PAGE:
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Necrotizing enterocolitis 

Necrotizing enterocolitis
Chapter:
Necrotizing enterocolitis
Author(s):

John Puntis

DOI:
10.1093/med/9780198759928.003.0007
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date: 25 May 2020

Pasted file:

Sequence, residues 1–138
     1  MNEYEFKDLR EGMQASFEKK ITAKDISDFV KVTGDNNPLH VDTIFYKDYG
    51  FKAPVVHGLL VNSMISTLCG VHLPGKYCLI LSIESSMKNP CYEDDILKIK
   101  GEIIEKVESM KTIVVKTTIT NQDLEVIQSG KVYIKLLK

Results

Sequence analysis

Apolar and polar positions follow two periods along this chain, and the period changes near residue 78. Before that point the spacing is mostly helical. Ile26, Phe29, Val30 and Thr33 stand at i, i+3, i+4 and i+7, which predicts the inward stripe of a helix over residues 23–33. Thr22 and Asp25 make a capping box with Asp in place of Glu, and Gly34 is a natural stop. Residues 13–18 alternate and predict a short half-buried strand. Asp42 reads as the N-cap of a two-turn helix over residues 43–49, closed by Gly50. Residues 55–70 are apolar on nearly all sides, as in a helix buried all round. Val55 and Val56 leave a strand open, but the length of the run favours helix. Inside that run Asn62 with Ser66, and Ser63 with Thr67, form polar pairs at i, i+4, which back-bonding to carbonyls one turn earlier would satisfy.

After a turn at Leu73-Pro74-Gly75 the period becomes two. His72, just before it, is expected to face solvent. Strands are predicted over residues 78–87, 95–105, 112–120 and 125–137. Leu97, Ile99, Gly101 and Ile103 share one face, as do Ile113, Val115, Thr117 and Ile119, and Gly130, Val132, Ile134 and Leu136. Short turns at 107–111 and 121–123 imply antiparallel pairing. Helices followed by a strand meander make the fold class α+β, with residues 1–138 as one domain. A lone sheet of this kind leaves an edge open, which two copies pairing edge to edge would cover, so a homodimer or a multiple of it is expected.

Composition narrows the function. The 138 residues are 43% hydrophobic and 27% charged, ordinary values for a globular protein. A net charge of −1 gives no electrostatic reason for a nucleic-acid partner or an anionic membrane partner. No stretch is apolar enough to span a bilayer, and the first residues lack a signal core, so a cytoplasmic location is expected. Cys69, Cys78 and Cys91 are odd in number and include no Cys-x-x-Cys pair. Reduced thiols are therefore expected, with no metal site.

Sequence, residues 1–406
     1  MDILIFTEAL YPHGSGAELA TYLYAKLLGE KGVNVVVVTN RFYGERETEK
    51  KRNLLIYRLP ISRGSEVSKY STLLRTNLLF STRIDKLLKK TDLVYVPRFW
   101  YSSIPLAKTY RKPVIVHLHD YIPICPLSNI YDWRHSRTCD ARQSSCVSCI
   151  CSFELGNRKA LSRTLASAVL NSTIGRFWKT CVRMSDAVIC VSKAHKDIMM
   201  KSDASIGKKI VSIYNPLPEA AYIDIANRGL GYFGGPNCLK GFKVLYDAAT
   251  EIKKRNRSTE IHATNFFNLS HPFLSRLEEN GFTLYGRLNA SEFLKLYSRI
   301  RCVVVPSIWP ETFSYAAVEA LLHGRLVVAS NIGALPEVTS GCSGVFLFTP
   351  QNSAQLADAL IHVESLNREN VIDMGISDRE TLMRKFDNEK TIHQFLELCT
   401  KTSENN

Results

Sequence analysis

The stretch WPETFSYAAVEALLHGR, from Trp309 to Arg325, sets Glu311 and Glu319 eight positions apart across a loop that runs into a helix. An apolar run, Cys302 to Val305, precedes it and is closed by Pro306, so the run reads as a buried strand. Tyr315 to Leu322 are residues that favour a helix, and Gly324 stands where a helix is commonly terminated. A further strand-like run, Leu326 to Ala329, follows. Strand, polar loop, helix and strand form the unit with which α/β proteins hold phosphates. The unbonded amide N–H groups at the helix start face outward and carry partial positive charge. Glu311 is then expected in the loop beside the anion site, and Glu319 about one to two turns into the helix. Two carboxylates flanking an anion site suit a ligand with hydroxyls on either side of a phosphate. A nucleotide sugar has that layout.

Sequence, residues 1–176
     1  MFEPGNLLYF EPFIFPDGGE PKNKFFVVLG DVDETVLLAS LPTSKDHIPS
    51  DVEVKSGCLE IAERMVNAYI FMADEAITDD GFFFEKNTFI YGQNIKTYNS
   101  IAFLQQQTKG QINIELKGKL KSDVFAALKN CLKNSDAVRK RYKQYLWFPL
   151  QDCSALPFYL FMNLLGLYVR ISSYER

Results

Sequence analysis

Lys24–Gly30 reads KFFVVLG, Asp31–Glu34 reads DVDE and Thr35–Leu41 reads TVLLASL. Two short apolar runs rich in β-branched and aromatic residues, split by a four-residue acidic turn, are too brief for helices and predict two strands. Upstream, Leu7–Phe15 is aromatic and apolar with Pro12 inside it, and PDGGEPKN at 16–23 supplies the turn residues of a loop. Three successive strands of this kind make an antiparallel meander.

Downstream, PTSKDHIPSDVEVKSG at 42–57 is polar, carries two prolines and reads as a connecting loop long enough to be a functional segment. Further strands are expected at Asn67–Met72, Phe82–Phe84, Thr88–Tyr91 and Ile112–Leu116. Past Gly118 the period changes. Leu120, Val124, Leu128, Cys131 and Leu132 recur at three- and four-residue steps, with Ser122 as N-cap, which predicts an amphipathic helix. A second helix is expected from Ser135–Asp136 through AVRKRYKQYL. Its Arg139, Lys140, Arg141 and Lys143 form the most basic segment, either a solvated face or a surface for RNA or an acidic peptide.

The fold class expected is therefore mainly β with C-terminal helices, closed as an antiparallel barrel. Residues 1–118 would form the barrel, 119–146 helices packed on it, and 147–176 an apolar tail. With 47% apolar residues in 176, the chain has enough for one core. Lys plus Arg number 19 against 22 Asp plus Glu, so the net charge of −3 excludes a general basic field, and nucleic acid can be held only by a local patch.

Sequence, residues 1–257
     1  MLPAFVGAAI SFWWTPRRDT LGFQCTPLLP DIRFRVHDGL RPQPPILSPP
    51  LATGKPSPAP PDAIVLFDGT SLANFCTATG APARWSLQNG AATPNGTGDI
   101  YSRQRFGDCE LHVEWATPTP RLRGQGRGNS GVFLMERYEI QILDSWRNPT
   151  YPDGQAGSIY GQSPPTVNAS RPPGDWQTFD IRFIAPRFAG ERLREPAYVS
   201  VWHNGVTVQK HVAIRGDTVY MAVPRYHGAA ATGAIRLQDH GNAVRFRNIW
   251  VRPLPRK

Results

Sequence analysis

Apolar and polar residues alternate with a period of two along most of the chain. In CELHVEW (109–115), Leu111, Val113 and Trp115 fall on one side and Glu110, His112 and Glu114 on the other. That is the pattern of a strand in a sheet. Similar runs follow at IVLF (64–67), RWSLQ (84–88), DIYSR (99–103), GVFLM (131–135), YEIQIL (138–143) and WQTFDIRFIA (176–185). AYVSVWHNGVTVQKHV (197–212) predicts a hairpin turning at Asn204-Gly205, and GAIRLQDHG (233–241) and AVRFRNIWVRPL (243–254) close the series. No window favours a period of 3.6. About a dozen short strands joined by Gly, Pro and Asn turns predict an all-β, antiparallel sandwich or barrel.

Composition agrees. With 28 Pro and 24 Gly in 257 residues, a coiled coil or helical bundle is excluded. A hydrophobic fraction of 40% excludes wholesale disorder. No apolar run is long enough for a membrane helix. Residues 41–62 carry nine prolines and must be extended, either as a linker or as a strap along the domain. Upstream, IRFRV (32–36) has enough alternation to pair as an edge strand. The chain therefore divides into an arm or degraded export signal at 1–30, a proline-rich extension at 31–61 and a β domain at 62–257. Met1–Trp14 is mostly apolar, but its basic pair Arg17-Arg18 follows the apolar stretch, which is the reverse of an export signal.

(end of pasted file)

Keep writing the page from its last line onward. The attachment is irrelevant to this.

Necrotizing enterocolitis is a common and serous disease predominantly affecting premature newborns, with an incidence, morbidity, and mortality that has remained unchanged for several decades. Around 7% of infants between 500g and 1500g birth weight are affected, with the disease often manifesting with vomiting, bilious aspirates, distended abdomen, and blood in stools around 8–10 days of age. Medical management includes decompression of the gastrointestinal tract via a nasogastric tube, broad-spectrum antibiotics, and bowel ‘rest’ (total parenteral nutrition). Surgical intervention is required for intestinal perforation or ongoing deterioration despite medical management. The pathogenesis is multifactorial and includes genetic predisposition, gastrointestinal immaturity, imbalance in microvascular tone, abnormal intestinal microbiological colonization, and a highly immunoreactive intestinal mucosa. Breast milk feeds appear to confer some degree of protection.

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